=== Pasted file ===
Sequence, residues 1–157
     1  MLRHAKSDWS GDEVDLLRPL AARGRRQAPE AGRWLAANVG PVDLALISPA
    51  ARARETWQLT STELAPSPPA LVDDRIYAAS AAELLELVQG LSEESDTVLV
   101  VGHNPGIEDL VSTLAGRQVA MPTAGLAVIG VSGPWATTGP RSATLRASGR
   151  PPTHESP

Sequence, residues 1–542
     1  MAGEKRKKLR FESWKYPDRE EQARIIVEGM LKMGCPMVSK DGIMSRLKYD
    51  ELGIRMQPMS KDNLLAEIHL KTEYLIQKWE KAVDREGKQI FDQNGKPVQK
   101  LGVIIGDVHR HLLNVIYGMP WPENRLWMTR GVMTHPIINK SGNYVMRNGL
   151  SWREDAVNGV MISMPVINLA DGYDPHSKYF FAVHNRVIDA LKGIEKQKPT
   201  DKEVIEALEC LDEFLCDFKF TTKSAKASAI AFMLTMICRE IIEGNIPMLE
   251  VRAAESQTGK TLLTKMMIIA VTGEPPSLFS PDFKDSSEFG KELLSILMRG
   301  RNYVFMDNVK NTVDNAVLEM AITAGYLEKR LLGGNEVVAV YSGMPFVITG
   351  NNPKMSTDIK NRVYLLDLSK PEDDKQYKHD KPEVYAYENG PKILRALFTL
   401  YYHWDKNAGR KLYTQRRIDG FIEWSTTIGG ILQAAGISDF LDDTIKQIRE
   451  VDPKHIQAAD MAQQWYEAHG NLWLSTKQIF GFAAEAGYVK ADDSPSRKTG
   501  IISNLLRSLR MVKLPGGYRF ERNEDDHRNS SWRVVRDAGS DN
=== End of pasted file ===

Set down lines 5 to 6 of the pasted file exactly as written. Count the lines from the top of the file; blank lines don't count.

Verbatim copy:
   151  PPTHESP

Sequence, residues 1–542